So with that, I implore everyone to keep their heads and just watch, soon enough things will be better.

Wednesday, July 16, 2008

V (VISA) part II: Finishing what I started. Lesson learned.

I screwed up a little today and I'm mad at myself for it. Being that the purpose of this blog s to track my notes and my growth, it's important that I publish my mistakes in order to keep myself accountable. I got overly emotional about a sell and short sell and the bottomline is that although I feel that I have done the due diligence in terms of research, I didn't do the last leg of the process and I didn't apply the rules of investment to my buying process.

The result was me losing an additional 100 bucks. Not a big deal and with a little dicipline, it will be made back quickly, but it's the principle that is the matter. I didn't finish the process and as a result, I got emotional and couldn't hang.

So with Visa, the opening day price was 63 and the high range is near 90. And I shorted at 68!!? Pretty stupid. Although Visa should be around 44, the reality is that I'm in the middle ground where I can lose a significant chunk or make a significant chunk. The bottomline is that I didn't have my buying rationale all thought before I made the purchase.

So let's remind ourselves what makes a good investment.
1 - after solid research (check and double check)
2 - with proper safety of investment (dammit)
3 - and with potential of an adequete return (maybe it will hit 200... maybe)

I didn't do my due diligence and I should have been more patient. The bottomline is that I would feel a lot better shorting around 85 and buying around 45. So until one of two scenarios appears, I should sit pretty on the V.

V (VISA): A Entry about punishment

This entry is about punishment. Over punishment in an overly emotional market, under punishment of certain stocks because of their honeymoon period and self punishment in the form of admitting that I didn't do enough research before making a purchase.

Today's lesson is a crucial one. I made the mistake on buying on weak research and all I got was the fluff that the pumpers have been vomiting out. Thank the good Lord that I caught myself early enough. Though Visa's stock has declined around 20% from the highs it hit after its March IPO, it has held up overall very well in the most bloody of markets.

After investing in at 73 and 68, I have finally gotten around did the real research I should have before even considering buying. Based of Visa's 10k they reported Net Income for the following years as:

2005 = $360,445,000
2006 = $454,561,000
2007 = $(1,076,095,000) LOSS

Before we freak out, the 2007 loss was due to litigation charges brought on by the American Express 2.5 Billion dollar lawsuit. Note that Visa is not done with their litigation charges as Discover just laid the 3 billion dollar lawsuit on today. FYI, part of the IPO money was set aside for future payouts. For now lets just take the litigation charges out of the equation so we can value the stock based on an ideal scenario.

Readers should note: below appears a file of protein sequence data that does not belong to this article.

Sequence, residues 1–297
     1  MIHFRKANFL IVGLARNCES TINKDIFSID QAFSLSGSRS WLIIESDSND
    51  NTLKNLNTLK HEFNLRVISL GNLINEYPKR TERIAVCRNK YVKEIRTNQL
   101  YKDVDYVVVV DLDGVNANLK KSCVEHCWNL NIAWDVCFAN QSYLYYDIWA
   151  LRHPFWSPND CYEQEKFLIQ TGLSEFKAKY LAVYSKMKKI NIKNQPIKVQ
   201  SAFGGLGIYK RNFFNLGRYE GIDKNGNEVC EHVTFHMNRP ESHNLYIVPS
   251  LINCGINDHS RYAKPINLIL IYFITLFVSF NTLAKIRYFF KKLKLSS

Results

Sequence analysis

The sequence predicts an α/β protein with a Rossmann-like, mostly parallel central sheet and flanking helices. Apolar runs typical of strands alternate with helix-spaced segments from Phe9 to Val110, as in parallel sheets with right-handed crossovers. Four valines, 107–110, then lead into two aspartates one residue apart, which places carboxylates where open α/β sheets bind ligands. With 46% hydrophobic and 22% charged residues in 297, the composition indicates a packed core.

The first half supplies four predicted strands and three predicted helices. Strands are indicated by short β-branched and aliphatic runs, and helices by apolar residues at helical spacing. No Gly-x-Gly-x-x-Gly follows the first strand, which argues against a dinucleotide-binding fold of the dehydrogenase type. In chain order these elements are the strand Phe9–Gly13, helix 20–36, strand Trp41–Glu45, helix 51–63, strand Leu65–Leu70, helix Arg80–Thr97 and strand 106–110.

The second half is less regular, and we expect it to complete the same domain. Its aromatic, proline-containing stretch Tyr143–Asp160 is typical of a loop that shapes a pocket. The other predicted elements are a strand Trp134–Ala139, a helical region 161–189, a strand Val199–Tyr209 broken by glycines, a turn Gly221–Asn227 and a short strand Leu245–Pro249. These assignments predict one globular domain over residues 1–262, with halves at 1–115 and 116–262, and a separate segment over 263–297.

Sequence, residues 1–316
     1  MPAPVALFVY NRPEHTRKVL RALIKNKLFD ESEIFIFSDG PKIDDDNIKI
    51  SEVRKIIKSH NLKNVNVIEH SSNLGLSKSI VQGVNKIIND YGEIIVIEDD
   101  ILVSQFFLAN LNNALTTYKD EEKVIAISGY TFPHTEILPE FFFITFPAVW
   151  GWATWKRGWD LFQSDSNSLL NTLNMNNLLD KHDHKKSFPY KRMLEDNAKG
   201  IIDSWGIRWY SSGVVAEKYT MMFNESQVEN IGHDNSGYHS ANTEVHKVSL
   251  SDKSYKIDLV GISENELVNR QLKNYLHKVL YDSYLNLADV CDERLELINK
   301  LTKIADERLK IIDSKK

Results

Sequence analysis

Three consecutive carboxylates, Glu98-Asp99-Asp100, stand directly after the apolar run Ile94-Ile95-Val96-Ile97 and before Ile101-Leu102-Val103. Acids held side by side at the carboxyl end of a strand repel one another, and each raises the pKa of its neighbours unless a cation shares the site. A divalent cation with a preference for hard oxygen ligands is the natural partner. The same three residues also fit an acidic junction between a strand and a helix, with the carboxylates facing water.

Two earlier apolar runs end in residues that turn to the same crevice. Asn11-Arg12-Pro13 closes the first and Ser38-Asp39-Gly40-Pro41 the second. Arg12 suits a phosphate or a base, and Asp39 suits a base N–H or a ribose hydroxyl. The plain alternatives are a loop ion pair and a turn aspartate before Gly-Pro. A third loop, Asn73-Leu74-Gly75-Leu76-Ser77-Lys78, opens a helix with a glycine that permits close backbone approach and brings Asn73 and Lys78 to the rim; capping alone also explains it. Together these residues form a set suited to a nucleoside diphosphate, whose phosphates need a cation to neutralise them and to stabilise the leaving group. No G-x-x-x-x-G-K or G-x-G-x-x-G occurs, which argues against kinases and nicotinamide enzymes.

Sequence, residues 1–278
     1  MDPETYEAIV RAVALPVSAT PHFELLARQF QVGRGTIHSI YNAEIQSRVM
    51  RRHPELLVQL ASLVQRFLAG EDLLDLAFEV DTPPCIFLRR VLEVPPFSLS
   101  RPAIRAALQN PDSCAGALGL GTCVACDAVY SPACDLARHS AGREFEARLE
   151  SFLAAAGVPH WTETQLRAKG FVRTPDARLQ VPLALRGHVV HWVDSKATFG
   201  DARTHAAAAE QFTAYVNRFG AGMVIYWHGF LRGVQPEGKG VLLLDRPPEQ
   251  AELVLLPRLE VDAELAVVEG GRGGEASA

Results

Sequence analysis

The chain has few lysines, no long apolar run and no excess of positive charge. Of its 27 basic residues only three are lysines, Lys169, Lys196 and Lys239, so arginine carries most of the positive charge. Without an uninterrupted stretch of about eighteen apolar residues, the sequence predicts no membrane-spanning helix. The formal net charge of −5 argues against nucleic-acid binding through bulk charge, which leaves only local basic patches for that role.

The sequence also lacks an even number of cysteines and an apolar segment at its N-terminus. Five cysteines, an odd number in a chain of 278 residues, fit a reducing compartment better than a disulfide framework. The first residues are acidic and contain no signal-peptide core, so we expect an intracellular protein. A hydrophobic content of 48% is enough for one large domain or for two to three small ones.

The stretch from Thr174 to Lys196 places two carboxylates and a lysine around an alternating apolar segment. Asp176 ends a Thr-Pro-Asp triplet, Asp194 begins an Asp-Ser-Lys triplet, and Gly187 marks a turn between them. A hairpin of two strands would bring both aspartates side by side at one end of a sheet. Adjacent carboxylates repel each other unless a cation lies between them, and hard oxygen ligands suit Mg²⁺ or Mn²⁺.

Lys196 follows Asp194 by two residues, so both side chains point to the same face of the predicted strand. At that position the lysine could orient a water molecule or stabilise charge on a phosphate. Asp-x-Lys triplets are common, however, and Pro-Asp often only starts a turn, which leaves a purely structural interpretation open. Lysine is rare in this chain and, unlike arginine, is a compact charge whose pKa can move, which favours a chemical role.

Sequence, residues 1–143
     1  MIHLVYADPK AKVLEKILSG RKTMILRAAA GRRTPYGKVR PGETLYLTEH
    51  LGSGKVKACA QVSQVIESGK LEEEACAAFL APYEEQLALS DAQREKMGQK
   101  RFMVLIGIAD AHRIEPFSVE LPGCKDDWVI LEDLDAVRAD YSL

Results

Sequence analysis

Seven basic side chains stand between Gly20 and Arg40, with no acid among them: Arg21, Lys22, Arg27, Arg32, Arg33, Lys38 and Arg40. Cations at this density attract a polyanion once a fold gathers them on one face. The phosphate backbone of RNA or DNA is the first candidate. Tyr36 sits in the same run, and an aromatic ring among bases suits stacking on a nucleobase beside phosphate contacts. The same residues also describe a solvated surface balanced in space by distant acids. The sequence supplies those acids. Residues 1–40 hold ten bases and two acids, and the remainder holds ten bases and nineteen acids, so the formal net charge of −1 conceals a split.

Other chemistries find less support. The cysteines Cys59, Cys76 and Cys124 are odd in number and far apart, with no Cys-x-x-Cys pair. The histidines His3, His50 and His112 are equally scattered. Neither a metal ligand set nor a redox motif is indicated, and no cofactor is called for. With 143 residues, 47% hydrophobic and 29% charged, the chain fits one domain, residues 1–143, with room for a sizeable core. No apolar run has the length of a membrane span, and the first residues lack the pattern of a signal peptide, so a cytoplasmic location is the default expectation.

To do this I took the litigation costs out of the 2007 Consolidated Statement of Operations and this gives Visa an operating income of $1,203,335,000. Assuming a 35% Income Tax (2005 had 40.18%, 2006 had 34.82%), we get a net income = $817,847,800. So that brings the 3 year view to:

2005 = $360,445,000
2006 = $454,561,000
2007 = $817,847,800 (sans litigation loss)

Divide Net Income in 2007 by 446,000,000 IPO Shares Outstanding and you get 1.834 EPS.

If we go by MasterCard P/E of 25 and your Visa per share value should be $45.85 (This is determined by multiplying the MA P/E of 25 by the adjusted EPS of 1.834). At the current price of 68ish the Visa P/E should be approximately 38ish. That is 40% higher than Master Card.


So although the boards (mostly idiots) say that without the charges, Visa had a Net Income increase from 06-07 of 80% (Actually, it's more like "More people will use Credit Cards. Buy now before it hits 200")... wait, I have something to say. Let's go to Google finance and pull the basic numbers and take a look at them to address the futures earnings growth of Visa.

MA (Mastercard) 248.86
Mkt Cap: 32.35B
Shares: 130.01M
52Wk High: 320.30
52Wk Low: 120.0
P/E: 25.40
F P/E: 26.46
Inst. Own: 69%

AXP (American Express) 37.02
Mkt Cap: 43B
Shares: 1.16B
52Wk High: 65.89
52Wk Low: 35.55
P/E: 11.15
F P/E: 17.67
Inst. Own: 81%

V (Visa) 68.42
Mkt Cap: 74.16B
Shares: 1.08B
52Wk High: 89.84
52Wk Low: 55.00
P/E -
F P/E -
Inst. Own: 7%

Look at the P/E and Forward P/Es of the companies... Visa doesn't have anything due to the loss but if you look at MA and AXP, the Forward P/E is higher than the Current P/E. That means that people are expecting the companies to make less than they did last year. So to say that Visa will likely keep on growing at that rate is very unlikely. AXP CEO Ken Chenault confirmed two weeks ago when he said that the business wasn't as healthy as he thought it was. Let's also not forget that the world economy is experiencing some purse tightening ergo, less transactions overall in the short term.

If you didn't already notice, I added one more statistic, Institutions that own the stock and MA is at a respectable 69% and AXP is at a whopping 81%. If Visa is really that hot, why do only 7% of the institutions own it? A better question is, what percent of the 7% of the institutions got it at the $44 dollar initial offering price.

I don't mind this stock. I bought it initially because I'm a big believer in investing in what you use. And frankly, it's comforting to know that pretty much everyone around you uses plastic, likely Visa, to do their shopping. But the bottomline is, you have to be good about your investments and according to The Intelligent Investor, an investment is a purchase made:

1) after thorough analysis
2) safety of principal investment
3) with the strong potential of adequate return

1 and 3 (3 is actually dependent on 2) are ok but frankly, I'm not so sure about the principal investment part. Every other stock out there has been punished beyond fairness but this one has not and frankly, that bothers me. The honeymoon period is wearing thin and people, myself included, have and will start sobering up about this one. I think this is a buy but not at these prices.

I'll wait for it to be properly punished first before I take a look back into it, but for now, I'm the one who has to eat it.

Good hunting.